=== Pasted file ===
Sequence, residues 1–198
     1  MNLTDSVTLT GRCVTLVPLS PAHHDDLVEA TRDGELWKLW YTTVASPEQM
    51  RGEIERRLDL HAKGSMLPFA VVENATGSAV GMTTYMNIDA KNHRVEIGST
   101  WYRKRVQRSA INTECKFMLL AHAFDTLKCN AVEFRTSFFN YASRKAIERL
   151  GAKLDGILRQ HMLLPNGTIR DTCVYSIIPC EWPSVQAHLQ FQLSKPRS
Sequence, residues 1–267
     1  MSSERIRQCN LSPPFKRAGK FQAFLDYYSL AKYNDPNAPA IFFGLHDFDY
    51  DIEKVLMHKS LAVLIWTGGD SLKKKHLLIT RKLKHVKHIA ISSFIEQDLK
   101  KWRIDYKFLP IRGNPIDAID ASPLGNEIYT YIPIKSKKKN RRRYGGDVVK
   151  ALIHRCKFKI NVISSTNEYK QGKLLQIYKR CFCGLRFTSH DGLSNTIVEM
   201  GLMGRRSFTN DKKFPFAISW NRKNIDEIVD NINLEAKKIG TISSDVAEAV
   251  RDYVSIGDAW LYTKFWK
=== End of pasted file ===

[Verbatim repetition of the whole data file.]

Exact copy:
Sequence, residues 1–198
     1  MNLTDSVTLT GRCVTLVPLS PAHHDDLVEA TRDGELWKLW YTTVASPEQM
    51  RGEIERRLDL HAKGSMLPFA VVENATGSAV GMTTYMNIDA KNHRVEIGST
   101  WYRKRVQRSA INTECKFMLL AHAFDTLKCN AVEFRTSFFN YASRKAIERL
   151  GAKLDGILRQ HMLLPNGTIR DTCVYSIIPC EWPSVQAHLQ FQLSKPRS
Sequence, residues 1–267
     1  MSSERIRQCN LSPPFKRAGK FQAFLDYYSL AKYNDPNAPA IFFGLHDFDY
    51  DIEKVLMHKS LAVLIWTGGD SLKKKHLLIT RKLKHVKHIA ISSFIEQDLK
   101  KWRIDYKFLP IRGNPIDAID ASPLGNEIYT YIPIKSKKKN RRRYGGDVVK
   151  ALIHRCKFKI NVISSTNEYK QGKLLQIYKR CFCGLRFTSH DGLSNTIVEM
   201  GLMGRRSFTN DKKFPFAISW NRKNIDEIVD NINLEAKKIG TISSDVAEAV
   251  RDYVSIGDAW LYTKFWK